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Oregon City's ban on homeless encampments raises concerns for Kansas City's homeless population

Oregon City's ban on homeless encampments raises concerns for Kansas City's homeless population
Posted at 6:37 AM, Apr 24, 2024
and last updated 2024-04-24 09:59:48-04

KANSAS CITY, Mo. — In a move sparking national debate, authorities in a city in Oregon have enacted a controversial ordinance banning homeless individuals from sleeping or camping in public spaces.

The ban on public encampments has ignited discussions about homelessness and public welfare across the country, even in Kansas City.

“It's non-humanistic to make a law where people cannot sleep outside," said Carol Cook, who has been sleeping in her car for two years.

Cook became homeless after being evicted from her apartment.

Due to being diagnosed with cancer, she said she has been unable to get back on her feet.

“It's incredibly hard. It's scary. You're constantly vigilant about what's around you," Cook said. "We were sleeping in a state park and guys showed up last night throwing rocks at my car."

But that could soon be changing in cities across the United States. This week, the Supreme Court heard arguments from the Grant Pass v. Johnson Case, an issue the Supreme Court is considering.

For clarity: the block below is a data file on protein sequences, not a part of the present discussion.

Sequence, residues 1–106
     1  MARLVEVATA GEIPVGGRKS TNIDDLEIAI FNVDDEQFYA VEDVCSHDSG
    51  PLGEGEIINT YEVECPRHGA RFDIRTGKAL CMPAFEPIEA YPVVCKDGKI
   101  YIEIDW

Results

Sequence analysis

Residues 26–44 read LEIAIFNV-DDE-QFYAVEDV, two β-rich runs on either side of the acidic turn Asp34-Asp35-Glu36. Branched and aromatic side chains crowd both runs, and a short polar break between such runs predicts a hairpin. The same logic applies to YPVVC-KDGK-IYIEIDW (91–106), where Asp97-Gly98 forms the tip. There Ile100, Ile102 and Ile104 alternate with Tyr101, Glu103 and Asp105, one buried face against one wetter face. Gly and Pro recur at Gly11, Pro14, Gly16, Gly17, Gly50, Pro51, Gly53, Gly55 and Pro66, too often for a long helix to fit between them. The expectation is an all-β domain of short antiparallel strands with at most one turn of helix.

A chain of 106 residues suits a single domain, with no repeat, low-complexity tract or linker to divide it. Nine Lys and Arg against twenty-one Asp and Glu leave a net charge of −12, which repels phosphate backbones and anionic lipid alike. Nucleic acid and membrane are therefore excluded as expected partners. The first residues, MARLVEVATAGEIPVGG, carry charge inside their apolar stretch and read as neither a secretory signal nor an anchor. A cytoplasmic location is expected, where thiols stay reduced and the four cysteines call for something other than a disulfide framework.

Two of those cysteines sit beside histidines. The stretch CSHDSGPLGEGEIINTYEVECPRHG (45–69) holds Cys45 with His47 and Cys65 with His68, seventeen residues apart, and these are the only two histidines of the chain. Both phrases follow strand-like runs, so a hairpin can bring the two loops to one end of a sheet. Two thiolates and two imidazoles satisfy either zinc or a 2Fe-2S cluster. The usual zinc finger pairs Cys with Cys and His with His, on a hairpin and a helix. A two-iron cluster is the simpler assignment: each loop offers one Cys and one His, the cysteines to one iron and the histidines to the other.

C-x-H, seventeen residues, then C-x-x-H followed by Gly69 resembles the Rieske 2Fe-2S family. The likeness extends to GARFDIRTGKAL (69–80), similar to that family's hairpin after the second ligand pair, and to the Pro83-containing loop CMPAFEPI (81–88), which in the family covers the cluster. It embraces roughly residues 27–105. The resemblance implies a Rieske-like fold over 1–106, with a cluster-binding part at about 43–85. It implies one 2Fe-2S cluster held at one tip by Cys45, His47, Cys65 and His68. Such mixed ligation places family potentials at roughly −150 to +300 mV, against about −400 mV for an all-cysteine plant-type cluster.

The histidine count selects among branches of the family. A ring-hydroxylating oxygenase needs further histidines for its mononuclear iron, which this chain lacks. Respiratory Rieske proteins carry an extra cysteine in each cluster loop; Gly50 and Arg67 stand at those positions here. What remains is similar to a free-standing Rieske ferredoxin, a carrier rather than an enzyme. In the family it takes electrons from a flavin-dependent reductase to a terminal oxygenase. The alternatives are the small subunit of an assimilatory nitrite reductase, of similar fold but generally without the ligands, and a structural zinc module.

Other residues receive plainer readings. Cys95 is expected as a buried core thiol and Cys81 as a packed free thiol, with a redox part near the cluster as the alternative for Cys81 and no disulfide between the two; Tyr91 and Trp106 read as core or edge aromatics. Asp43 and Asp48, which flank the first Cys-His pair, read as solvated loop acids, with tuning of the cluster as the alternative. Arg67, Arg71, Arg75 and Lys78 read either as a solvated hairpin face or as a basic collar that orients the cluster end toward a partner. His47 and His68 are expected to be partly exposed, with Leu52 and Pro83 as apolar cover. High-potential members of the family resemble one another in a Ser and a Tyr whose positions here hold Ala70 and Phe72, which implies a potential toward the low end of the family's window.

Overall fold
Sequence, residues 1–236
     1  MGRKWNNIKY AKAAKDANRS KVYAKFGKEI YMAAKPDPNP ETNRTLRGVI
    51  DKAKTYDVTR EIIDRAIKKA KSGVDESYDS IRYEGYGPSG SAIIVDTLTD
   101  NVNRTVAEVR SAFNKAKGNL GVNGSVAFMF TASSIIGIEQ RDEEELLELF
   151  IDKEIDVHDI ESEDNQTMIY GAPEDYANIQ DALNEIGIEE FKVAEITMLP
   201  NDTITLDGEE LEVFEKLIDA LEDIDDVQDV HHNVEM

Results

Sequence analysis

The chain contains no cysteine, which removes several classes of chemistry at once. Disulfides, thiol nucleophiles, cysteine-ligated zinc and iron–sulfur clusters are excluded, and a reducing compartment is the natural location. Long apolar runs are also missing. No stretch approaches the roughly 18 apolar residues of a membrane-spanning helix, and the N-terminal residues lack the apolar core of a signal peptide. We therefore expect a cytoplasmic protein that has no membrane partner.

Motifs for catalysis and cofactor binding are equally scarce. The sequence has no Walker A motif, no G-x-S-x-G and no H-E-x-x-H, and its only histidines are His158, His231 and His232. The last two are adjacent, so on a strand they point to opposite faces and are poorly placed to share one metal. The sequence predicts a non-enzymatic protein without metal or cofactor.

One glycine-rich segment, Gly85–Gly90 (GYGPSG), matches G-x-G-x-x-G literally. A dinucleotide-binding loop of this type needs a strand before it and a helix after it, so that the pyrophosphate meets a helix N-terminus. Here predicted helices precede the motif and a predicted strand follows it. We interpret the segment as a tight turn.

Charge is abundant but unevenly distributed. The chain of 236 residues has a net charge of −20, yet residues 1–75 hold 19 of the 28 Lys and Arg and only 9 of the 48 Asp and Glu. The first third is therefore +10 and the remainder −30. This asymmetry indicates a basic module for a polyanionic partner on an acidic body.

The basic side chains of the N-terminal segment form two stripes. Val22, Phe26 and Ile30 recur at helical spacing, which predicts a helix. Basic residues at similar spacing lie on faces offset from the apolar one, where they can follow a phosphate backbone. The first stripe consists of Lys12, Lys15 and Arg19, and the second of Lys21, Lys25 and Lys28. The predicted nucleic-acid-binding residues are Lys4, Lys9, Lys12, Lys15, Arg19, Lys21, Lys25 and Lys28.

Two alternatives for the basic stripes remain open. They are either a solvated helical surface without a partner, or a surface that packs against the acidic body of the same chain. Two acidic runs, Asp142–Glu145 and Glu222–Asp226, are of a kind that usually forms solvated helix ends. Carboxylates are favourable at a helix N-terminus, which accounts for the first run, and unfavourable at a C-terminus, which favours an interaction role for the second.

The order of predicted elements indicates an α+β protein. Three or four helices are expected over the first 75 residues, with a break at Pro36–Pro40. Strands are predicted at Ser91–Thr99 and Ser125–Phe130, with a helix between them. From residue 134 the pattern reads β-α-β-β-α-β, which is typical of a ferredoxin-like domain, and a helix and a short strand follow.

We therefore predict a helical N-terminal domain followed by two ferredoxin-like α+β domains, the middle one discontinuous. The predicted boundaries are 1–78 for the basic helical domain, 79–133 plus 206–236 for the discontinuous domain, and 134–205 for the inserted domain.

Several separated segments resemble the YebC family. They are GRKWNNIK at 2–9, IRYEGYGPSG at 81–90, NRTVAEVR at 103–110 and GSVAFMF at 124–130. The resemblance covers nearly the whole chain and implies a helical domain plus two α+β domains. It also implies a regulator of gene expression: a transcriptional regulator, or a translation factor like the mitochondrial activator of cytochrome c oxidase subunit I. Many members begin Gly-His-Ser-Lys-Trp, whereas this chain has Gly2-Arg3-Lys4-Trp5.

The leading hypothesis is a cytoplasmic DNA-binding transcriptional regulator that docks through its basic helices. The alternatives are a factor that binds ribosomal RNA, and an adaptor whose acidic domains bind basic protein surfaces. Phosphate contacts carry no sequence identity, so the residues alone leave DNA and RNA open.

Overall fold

“If you're going to look at implementing making it illegal to camp outside, to sleep outside, you have to have some answers,” said Jaynell Assmann, founder of Care Beyond the Boulevard.

Assmann knows the need in the homeless community as she works weekly providing health needs at nearby camps around the Kansas City metro.

While the topic has become a center of attention in the highest court in the U.S., she said city officials need to focus on finding a solution.

“Now the cities need to put their money where their mouth is and provide some kind of resources. Not just say, 'You can't sleep out here,'" Assmann said. "Where are they going to go? You don't just magically have a house up here. You don't magically have income up here.”

The Supreme Court is considering whether the case violates the Eighth Amendment, protection against cruel and unusual punishment. Cook said she wants others to view life has been for her for the past two years.

“It's the shame. It's the shame, it's the stigma. It's really hard," Cook said. "It's how people look at you and they don't know where the person has been, you don't know what roads they've walked down. You know, it's a matter of people putting themselves in other people's shoes."

The Supreme Court is set to make a decision in June.